Dismiss Notice
Join Physics Forums Today!
The friendliest, high quality science and math community on the planet! Everyone who loves science is here!

Limit in closure, topology stuff

  1. Dec 23, 2007 #1
    Let [itex]A\subset X[/itex] be a subset of some topological space. If [itex]x\in\overline{A}\backslash A[/itex], does there exist a sequence [itex]x_n\in A[/itex] so that [itex]x_n\to x[/itex]?

    In fact I already believe, that such sequence does not exist in general, but I'm just making sure. Is there any standard counter examples? I haven't seen any.

    If the point x has a countable local basis, that means a set [itex]\{U_n\in\mathcal{T}\;|\;n\in\mathbb{N}\}[/itex] so that [itex]x\in U_n[/itex] for all n, that for all environments U of x, there exists some [itex]U_n\subset U[/itex], then the sequence [itex]x_n[/itex] is simple to construct.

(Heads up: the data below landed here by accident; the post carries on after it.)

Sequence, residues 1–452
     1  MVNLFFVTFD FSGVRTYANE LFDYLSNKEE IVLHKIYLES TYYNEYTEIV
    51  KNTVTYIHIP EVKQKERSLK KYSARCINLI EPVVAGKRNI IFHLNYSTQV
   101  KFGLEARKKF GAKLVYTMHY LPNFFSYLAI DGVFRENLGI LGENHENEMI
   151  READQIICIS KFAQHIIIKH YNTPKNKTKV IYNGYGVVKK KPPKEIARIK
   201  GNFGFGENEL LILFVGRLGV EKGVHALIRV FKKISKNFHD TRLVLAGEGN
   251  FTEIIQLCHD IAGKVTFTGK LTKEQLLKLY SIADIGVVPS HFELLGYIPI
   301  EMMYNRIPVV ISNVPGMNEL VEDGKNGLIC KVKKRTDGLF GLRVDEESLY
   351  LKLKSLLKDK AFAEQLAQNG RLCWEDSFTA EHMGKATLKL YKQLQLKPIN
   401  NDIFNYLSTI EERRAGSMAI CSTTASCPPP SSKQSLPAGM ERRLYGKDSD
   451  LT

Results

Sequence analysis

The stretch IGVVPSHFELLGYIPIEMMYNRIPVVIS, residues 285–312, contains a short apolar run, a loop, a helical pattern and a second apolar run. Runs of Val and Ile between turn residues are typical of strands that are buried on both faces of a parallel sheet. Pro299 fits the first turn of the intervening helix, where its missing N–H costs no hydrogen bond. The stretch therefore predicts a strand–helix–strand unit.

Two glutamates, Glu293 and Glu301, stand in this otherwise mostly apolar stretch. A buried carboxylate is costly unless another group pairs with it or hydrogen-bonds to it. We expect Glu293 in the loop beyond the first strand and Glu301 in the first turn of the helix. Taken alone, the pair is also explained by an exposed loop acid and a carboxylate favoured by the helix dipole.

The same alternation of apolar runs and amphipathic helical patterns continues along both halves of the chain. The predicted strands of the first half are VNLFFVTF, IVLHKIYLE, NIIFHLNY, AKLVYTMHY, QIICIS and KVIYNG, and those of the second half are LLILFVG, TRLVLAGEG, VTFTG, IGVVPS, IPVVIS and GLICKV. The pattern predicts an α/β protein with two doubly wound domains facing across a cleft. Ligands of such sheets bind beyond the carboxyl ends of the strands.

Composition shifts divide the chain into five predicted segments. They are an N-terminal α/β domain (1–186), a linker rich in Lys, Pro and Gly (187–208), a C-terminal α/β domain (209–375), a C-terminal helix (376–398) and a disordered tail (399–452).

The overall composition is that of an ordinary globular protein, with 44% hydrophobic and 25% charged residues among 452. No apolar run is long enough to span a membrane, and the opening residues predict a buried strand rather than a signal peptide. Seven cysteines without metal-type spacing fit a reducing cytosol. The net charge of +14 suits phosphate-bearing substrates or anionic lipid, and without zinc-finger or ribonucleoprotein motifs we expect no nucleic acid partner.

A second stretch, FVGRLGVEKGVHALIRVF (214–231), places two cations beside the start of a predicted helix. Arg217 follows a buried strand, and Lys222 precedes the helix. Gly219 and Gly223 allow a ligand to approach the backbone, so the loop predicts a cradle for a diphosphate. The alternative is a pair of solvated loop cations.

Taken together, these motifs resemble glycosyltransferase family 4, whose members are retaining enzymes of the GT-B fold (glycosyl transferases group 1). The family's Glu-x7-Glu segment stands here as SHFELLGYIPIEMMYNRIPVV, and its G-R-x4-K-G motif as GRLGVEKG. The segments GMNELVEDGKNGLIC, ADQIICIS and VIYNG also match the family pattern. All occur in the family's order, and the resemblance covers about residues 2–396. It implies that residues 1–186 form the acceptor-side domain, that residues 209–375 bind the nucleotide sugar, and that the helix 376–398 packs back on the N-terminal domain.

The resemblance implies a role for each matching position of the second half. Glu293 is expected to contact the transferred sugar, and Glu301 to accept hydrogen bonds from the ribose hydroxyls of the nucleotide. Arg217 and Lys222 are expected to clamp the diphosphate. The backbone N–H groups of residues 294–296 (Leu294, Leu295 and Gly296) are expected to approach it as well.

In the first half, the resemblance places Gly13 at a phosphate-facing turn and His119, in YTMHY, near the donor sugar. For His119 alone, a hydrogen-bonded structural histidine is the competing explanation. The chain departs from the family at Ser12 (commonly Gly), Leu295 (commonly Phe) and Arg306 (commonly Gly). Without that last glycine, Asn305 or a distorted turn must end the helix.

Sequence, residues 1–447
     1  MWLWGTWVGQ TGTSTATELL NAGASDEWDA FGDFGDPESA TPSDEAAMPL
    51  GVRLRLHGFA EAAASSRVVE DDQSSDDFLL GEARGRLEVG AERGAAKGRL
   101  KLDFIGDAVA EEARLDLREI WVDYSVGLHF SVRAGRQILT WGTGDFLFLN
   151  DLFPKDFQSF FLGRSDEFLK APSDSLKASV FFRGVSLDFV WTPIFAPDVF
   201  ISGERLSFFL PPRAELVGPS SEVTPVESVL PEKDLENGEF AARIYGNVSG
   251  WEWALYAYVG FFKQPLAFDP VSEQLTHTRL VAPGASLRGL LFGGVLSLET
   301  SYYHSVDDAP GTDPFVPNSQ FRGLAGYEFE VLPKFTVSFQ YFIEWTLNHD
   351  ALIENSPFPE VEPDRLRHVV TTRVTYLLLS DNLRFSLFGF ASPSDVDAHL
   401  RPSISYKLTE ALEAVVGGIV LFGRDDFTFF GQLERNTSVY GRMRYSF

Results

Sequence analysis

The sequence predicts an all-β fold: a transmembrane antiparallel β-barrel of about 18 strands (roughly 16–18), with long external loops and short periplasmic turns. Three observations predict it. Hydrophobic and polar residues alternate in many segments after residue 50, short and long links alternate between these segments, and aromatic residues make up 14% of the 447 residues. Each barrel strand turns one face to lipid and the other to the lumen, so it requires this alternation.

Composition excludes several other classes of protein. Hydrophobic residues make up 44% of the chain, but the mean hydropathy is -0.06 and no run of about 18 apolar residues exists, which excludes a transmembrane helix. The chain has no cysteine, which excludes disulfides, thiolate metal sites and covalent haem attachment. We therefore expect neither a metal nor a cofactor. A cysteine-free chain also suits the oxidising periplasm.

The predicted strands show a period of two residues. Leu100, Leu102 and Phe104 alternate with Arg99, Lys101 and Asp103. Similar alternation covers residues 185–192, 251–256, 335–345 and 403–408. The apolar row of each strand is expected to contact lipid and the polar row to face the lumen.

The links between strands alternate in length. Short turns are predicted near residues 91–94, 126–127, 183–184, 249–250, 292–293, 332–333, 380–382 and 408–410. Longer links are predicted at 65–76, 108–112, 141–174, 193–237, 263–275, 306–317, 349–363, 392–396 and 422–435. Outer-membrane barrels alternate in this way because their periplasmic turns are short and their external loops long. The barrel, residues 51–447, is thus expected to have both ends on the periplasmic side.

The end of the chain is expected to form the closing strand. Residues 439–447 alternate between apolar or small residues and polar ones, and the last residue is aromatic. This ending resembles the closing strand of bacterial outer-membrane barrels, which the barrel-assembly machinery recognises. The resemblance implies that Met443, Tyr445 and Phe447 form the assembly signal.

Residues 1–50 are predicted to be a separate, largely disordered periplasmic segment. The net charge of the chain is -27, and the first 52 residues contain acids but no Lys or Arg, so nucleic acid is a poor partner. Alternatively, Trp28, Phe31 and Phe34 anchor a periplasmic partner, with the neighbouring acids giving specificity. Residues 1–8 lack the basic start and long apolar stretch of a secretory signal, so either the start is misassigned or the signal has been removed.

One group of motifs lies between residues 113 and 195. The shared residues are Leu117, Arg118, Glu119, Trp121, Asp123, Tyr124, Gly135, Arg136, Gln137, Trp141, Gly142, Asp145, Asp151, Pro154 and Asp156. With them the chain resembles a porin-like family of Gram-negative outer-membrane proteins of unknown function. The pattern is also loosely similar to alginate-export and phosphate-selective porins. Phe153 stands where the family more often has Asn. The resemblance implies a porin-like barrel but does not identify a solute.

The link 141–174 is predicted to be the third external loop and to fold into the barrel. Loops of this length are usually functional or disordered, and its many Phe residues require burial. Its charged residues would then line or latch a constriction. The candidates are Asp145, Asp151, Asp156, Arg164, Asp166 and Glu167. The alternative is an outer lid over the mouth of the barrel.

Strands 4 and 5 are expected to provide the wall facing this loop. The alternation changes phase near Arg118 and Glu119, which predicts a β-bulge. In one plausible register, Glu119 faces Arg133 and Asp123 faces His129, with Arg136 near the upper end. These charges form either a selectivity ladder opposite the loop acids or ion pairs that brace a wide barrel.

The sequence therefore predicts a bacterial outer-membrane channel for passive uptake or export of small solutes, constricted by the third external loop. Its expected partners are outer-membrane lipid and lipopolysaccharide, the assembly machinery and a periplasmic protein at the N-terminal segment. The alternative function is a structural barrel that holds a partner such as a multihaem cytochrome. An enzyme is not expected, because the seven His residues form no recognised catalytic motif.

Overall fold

I guess that the existence of the countable local basis is a nontrivial matter, and since the sequence comes so naturally with it, it seems natural to assume that the sequence would not exist without the countable local basis. But what kind of topological spaces don't have countable local basis for each point? And what would be an example of a point in closure, that cannot be approached by some sequence?
     
    Last edited: Dec 23, 2007
  2. jcsd
  3. Dec 23, 2007 #2

    Hurkyl

    User Avatar
    Staff Emeritus
    Science Advisor
    Gold Member